Monkey: Journey to the West

I have blogged from time-to-time about Monkey: Journey to the WestMonkey is an ancient Chinese folk novel written (as best we know) by Wu Cheng-en, first published in 1592.  It is one of my favorite books, one of my family’s favorite books.  My wife has referred to it as the family totem.  Monkey is a fictional re-telling of an historical pilgrimage.  It is the story of the priest Xuanzang,  who walked from China to India (and back again) in order to bring holy Buddhist scriptures to China.  The story is part fantasy, part adventure story, deeply spiritual and at the same time famously irreverent.

When my son was little, I used to read him bedtime stories from Monkey.  He’s not little any more.  Last night, he took the train up from Washington DC and today we went to see  an amazing new production of Monkey: Journey to the West, at Lincoln Center in NYC.

I first read Monkey some 40 years ago, about the same time I first read Lord of the Rings, and I have always found a certain similarity between the books.  So I was pleased to read this quote today from Chen Shi-Zeng who lead the creative team that created the production.  “When I moved to the U.S. in 1987, I saw Star Wars and heard fanciful stories like Lord of the Rings, and I wished everyone could know of the wildly imaginative, Chinese story about the Monkey King and his journey to the West.”  I don’t think Wu Cheng-en could ever have imagined how his story would be re-imagined more than 400 years later, but I think he would be pleased.

Today’s performance was extraordinary, both visually and musically, mixing animation and live action, part Chinese opera, part acrobatics, Chinese circus and dance, martial arts, music and aerial choreography.  Music for the performance was composed by Damon Albarn.  The visual concepts, animation and costumes were the work of Jamie Hewlett,  Perhaps you will recognize Albarn and Hewlett from Gorillaz.  (Sometimes it comes in handy to have a 23 year-old son to explain this stuff to me).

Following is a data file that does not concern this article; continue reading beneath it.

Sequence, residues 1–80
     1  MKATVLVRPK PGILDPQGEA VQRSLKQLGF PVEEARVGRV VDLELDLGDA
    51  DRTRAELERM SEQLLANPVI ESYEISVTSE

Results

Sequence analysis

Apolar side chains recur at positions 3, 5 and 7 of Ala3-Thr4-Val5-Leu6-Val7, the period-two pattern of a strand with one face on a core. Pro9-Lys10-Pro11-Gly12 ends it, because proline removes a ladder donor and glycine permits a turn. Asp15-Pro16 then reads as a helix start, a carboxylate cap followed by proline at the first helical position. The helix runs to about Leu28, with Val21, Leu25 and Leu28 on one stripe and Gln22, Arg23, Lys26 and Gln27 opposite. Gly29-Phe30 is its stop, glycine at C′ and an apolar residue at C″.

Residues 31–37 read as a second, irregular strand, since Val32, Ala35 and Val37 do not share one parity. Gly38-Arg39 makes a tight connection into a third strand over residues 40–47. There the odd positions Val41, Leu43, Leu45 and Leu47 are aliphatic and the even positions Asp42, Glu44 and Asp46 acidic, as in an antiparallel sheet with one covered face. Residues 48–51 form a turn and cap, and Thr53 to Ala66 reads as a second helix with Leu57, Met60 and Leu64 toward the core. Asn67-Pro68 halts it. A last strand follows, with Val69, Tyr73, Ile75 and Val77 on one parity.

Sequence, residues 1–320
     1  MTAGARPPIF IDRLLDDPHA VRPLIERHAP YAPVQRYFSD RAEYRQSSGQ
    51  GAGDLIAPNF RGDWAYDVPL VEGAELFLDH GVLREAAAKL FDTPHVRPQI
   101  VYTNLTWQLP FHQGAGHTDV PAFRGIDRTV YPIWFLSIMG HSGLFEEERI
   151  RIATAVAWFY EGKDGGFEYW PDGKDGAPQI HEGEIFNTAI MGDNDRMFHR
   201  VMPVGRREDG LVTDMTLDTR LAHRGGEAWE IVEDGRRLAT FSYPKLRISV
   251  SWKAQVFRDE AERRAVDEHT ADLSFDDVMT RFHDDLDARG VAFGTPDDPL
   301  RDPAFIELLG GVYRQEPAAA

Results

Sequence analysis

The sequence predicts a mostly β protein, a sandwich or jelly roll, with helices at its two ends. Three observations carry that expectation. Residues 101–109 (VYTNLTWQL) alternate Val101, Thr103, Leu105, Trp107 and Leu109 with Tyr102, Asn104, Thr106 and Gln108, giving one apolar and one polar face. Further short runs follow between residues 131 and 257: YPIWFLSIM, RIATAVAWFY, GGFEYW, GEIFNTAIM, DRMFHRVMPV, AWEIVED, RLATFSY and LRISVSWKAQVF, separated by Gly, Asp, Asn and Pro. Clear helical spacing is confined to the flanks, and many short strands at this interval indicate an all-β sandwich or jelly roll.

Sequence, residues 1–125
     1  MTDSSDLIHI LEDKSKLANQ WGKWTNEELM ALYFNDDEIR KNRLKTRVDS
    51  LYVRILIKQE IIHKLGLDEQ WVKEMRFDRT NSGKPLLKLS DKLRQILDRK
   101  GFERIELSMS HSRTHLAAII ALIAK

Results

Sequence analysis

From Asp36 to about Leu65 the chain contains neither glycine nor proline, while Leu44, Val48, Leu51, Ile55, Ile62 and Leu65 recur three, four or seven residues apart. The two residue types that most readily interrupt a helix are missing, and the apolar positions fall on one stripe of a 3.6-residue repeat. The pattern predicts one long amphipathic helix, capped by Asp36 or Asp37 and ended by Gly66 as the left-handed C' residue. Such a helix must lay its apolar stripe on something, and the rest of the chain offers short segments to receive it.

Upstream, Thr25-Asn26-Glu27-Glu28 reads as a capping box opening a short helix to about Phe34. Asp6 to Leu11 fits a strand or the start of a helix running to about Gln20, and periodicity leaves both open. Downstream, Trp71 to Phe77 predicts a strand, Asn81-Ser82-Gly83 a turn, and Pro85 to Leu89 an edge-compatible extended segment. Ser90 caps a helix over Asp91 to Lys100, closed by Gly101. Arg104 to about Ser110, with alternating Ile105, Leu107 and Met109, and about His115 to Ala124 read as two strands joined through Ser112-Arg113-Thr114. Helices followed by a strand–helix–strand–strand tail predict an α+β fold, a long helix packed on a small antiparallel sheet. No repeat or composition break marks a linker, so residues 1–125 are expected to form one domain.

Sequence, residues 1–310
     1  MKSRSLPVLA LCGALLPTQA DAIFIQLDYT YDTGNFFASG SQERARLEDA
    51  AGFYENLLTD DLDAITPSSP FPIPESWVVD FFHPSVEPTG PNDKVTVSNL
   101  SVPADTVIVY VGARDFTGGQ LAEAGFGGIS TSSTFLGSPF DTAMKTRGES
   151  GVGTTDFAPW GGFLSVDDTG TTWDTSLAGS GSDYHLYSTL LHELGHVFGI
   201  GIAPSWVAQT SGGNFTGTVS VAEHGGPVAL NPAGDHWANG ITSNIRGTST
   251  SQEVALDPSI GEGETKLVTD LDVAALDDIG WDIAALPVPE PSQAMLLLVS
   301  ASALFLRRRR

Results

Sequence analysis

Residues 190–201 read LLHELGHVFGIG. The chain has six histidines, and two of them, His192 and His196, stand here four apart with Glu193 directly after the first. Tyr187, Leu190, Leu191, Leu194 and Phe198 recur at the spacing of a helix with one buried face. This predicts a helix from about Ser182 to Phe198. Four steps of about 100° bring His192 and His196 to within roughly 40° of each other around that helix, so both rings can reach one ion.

The cast was amazing, especially when you take into account the flying and the tumbling, the plates spinning and the swords flashing, not to mention the singing, dancing and acting.

I realize this is last minute, but there are only two performances remaining, tomorrow (Sunday) at 2:00 and at 8:00.  If you are in NYC and you don’t have plans, you need to go to Lincoln Center.

I should probably mention that the entire two hour performance is in Mandarin (except for one very brief and very funny exchange when two actors momentarily step out of character).  There is a screen above the stage with subtitles, but it is largely unnecessary.  If you’re not familiar with the story, read the synopsis in the playbill and then sit back and take in the spectacle.   This is a once in a lifetime theater experience.


(photo retrieved from


10 thoughts on “Monkey: Journey to the West

    1. I’ve never paid much attention to the film adaptations. Do you recommend one? I would like to find a copy of the 1927 Chinese silent film adaptation, The Cave of the Silken Web (not to be confused with the 1967 movie of the same name)


  1. So this is just to let you know one of your fans from Xanga has joined the wordpress word. I am hoping this will be a good place for me. Glad to see and read your posts again.


  2. Well we don’t speak Madarin ourselves, so we’re going to see it in English when the movie, The Monkey King, comes out in February 2014, staring Cho Yun Fat. Fell in love with this Monkey King character from seeing him in the movi Forbidden Kingdom (played there by Jet Li) and all the mysterious mentions of him in the animes we watch. Should be lots of fun!


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